We dropped in for a virtual consultation with our resident medical advisor, Dr. Tiffany Lester, to ask the questions we’d love to know about our immune system—from where it’s actually located in our bodies to whether social distancing can cause any long-term impact on our immunity.
Dr. Tiffany Lester, National Clinical Director of Community at Holistic Primary Care Service Parsley Health, describes herself as “98% healthy, 2% cupcakes”, which is the relatable and understanding kind of approach to health we could all use right now while the internet can be full of scaremongering news and accusatory articles around COVID-19.
Taking into account the impact factors like diet and stress have on our bodies, Dr. Tiffany Lester has spent more than a decade learning about integrative/functional medicine to help people heal from the inside out.
Dr. Tiffany Lester
What actually is the immune system?
The immune system is a very complex web of cells that protect the body from infection. It also helps to move excess fluid (lymph) from our tissues so that we don’t accumulate toxins. We have two main parts of our immune system: innate and adaptive. Our innate immune system works like the first responders; as soon as we get exposed to a pathogen, they come running immediately when our internal environment is threatened. Our adaptive immune system is more delayed as it responds to a specific foreign substance and creates an antibody response.
Why do some people have a naturally stronger or weaker immune system than others?
I treat mostly chronic conditions in my medical practice. Conditions like diabetes, heart disease, autoimmune disorders, digestive dysfunction—all of which can contribute to a weaker immune system. In addition, many individuals have moderate to severe amounts of stress which can contribute to intestinal permeability or IBS. Given that 80% of our immune system resides in our gut, this can lead to a weaker immune system and ability to respond to outside pathogens.
Why do we tend to get ill in winter?
It’s often due to our respiratory systems. In the winter, the temperature drops and our heaters go on. This leads to a drying out of our mucosal passages which typically have a protective layer of biofilm or mucus. This biofilm protects us from outside invaders like toxins, virus, and bacteria, so the chilly air and dry heat make us more susceptible to infection. We also tend to huddle together inside so it makes it easier to pass these germs to each other.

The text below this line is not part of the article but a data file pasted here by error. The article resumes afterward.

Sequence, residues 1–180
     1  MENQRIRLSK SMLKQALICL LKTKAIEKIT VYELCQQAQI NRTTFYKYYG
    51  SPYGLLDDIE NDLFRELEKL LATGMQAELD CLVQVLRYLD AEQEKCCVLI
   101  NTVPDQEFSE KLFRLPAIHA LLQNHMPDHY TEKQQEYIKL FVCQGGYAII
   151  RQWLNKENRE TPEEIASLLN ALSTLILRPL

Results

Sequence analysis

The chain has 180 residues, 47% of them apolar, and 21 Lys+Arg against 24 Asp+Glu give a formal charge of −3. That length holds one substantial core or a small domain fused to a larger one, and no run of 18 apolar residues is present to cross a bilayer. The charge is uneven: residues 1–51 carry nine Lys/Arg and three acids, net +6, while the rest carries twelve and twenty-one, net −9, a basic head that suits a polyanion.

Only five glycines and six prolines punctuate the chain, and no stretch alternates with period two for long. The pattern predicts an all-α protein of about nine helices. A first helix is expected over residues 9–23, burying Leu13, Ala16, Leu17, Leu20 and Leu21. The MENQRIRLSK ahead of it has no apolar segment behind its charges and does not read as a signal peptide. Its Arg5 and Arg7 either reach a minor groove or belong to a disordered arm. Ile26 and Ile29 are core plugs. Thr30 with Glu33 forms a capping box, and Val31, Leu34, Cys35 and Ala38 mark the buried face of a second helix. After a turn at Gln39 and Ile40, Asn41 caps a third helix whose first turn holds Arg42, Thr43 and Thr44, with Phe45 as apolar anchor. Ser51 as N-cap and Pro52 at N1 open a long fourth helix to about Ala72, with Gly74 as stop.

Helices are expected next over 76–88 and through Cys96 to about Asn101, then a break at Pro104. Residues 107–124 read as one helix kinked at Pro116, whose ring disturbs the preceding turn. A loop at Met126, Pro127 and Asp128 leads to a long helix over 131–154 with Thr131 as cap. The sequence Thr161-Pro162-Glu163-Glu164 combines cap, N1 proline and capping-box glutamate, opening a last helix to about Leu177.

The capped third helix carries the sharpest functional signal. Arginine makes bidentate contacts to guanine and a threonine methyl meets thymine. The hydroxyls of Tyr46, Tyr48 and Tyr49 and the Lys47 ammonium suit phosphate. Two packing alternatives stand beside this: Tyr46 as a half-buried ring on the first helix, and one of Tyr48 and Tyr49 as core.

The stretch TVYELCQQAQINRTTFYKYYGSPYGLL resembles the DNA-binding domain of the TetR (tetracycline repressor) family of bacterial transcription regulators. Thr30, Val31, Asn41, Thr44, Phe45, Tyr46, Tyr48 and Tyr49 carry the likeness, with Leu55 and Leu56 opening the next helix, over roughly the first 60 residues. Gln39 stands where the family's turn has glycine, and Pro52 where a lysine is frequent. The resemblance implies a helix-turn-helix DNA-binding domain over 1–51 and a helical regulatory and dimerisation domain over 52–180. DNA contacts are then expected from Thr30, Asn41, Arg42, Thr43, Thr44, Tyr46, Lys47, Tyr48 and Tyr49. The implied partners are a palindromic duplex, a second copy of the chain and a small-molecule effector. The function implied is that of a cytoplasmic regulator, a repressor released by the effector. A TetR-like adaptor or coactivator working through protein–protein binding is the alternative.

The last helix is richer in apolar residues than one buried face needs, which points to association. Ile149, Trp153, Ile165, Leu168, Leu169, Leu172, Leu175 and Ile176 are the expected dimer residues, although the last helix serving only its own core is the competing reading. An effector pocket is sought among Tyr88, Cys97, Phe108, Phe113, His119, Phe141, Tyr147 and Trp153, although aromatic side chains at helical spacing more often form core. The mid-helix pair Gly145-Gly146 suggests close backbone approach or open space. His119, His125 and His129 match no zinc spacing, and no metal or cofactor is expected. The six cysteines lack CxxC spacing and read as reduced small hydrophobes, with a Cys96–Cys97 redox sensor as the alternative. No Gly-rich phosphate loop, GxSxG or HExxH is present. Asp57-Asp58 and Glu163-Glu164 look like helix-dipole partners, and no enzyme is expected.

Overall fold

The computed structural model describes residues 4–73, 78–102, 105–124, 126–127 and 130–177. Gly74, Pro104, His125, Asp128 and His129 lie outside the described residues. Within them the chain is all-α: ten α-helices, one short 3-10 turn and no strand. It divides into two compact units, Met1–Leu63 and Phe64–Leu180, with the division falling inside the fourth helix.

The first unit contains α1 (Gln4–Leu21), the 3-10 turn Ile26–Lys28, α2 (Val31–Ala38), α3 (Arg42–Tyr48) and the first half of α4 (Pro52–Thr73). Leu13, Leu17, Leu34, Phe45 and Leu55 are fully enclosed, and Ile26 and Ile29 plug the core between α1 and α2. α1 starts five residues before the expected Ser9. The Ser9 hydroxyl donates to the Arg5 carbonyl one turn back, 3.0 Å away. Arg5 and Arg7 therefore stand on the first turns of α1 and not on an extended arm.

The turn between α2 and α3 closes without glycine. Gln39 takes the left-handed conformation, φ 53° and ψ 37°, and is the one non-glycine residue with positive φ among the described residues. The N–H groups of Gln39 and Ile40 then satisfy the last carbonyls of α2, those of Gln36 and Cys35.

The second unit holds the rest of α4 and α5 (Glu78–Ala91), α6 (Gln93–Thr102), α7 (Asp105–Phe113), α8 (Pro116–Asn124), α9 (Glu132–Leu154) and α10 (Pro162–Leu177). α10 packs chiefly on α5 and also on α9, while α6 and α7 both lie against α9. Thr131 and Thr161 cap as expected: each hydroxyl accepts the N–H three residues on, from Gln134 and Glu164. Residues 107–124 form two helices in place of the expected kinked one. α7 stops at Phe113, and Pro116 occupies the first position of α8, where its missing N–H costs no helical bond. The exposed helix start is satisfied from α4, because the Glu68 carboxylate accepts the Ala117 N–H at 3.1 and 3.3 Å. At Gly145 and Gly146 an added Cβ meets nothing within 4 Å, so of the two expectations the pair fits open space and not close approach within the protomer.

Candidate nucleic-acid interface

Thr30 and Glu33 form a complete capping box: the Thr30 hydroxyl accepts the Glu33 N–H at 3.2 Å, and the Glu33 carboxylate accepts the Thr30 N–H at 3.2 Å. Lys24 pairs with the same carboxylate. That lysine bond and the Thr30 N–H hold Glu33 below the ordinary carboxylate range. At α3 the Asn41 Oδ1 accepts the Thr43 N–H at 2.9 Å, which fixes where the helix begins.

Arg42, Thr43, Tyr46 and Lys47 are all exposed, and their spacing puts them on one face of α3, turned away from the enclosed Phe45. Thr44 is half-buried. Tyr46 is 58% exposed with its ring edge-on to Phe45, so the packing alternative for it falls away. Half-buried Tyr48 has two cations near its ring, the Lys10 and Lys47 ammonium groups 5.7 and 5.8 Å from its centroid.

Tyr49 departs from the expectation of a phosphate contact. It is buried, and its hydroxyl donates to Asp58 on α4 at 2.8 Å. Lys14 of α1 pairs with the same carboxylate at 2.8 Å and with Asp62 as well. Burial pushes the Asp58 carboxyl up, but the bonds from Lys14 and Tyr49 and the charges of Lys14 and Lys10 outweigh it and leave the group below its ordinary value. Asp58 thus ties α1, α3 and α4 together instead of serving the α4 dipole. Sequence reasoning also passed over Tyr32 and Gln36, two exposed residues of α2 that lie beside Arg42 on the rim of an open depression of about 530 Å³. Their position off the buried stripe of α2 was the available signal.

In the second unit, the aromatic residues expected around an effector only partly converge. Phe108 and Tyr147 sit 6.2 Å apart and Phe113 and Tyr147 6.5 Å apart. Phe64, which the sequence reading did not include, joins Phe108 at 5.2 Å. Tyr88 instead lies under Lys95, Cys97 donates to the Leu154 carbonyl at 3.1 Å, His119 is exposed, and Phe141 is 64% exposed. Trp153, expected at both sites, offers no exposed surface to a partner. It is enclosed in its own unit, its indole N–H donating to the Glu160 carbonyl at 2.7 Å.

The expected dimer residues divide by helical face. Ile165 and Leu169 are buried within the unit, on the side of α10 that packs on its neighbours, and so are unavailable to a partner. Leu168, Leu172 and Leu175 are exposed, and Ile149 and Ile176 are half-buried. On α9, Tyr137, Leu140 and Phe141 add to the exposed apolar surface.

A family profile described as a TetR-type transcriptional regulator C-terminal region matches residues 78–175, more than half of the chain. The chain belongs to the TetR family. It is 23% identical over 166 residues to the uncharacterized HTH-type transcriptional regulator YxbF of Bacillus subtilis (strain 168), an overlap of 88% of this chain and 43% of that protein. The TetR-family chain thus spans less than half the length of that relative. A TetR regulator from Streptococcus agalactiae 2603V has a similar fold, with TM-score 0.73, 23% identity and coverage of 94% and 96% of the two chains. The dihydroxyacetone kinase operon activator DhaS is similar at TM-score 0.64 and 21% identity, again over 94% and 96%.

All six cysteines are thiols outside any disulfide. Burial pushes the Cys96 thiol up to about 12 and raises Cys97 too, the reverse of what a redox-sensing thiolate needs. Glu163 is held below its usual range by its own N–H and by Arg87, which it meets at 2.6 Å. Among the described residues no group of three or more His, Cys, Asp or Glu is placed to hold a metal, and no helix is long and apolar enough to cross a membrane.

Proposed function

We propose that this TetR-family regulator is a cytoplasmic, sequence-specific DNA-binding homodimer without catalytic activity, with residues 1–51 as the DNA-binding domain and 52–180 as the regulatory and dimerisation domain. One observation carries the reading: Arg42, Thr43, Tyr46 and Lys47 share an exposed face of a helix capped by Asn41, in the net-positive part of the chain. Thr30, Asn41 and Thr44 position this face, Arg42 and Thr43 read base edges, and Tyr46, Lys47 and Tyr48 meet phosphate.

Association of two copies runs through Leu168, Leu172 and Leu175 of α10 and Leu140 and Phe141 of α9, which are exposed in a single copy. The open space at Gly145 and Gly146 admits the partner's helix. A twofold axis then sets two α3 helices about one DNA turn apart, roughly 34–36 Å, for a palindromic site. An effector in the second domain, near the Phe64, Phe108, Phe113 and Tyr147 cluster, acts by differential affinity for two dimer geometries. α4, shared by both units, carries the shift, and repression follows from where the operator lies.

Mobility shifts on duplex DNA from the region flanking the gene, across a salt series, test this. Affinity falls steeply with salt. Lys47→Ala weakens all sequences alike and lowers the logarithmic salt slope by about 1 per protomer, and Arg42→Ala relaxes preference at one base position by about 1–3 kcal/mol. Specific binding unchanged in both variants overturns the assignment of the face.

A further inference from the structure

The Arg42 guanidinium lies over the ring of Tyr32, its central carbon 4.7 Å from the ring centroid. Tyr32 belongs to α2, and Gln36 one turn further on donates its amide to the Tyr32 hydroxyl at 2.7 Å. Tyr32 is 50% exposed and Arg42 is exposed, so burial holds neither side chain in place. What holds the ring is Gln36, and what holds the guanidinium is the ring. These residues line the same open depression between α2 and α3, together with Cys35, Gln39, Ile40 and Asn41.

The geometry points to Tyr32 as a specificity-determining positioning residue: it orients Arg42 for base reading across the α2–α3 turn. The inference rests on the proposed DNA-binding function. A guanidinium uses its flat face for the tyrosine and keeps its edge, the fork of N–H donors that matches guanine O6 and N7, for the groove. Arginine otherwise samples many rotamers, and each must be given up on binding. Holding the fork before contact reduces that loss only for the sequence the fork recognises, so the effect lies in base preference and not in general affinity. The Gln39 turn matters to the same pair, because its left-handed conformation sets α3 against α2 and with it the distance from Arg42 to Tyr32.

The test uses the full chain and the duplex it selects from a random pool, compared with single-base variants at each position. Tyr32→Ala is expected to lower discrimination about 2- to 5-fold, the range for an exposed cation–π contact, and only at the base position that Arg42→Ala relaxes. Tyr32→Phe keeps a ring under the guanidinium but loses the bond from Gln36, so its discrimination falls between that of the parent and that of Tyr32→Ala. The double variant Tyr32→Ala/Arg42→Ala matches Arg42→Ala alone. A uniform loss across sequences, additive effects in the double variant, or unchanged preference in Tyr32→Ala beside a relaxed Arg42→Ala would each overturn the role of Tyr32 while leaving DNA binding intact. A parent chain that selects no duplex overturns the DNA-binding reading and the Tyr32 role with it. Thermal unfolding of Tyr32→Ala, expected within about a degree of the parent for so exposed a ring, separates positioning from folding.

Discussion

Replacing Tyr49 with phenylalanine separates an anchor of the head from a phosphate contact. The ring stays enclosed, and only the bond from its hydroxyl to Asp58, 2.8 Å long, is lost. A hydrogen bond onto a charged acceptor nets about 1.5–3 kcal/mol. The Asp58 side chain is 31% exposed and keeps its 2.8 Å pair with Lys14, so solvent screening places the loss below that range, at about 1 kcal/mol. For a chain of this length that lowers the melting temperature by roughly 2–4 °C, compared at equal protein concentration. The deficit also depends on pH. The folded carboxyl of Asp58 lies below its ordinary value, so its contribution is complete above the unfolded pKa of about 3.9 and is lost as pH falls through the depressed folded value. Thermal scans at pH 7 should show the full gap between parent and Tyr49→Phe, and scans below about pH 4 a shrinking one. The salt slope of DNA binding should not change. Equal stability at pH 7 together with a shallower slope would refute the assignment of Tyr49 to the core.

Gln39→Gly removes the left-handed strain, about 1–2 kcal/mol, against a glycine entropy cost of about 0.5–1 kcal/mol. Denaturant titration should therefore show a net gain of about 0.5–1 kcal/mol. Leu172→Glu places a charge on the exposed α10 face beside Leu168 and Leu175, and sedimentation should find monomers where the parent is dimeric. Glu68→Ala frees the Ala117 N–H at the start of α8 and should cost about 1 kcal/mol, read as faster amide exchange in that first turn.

What factors will compromise our immune system?
The most common factors that suppress our natural immune response are stress, lack of quality sleep, poor diet, and too much or too little exercise.
How is stress related to immunity?
Acute stress stimulates the release of cortisol and adrenaline which activates our sympathetic nervous system. This is our “fight, flight, or freeze” when we are faced with a stressor that may cause unknown amounts of harm to us either physically or mentally. Cortisol is produced from our adrenal glands and Vitamin C is an important micronutrient that is needed in this metabolic process. Increased levels of stress, especially chronic, can deplete Vitamin C making us more susceptible to illness.
What are the key things we can do to keep our immune system strong?
All the foundational tools of health apply here. These are the things that cost nothing or almost nothing and are available to every single one of us, regardless of where we stand on the socioeconomic ladder. Prioritizing eating 7-9 servings of fruits and vegetables a day to load up on immune-boosting antioxidants is key. Ensuring you are getting at least 7 hours of sleep every single night so that your body can rest and detox is essential. On top of that, adding in key supplements like Vitamin D and C can also keep your immune system strong. However, they won’t be enough if you aren’t also supporting your foundation.
Does staying indoors harm my immunity due to limited exposure to the environment?
Not necessarily. It is important to make sure you are getting some fresh air circulating through your space as allergens can build up over time, or you could also use a HEPA (High Efficiency Particulate Air) filter to have the cleanest air possible. Over extended periods of time, lack of environmental exposure may decrease our exposure to diverse microbes which help to support our digestive and immune systems. Getting outside into fresh air is also very important for our mental health especially during this global pandemic.
Supplementing diet and sunlight exposure with Vitamin D is recommended by the Institute of Medicine. Vitamin D plays a critical role in our immune response; it has anti-inflammatory properties and is crucial for the "activation" of immune defenses. It is proven to enhance the function of immune cells, including T-cells, that protect your body against pathogens. Our VITAMIN D sublingual spray uses Vitamin D3 to provide over 300% of Vitamin D RDA in 3 sprays.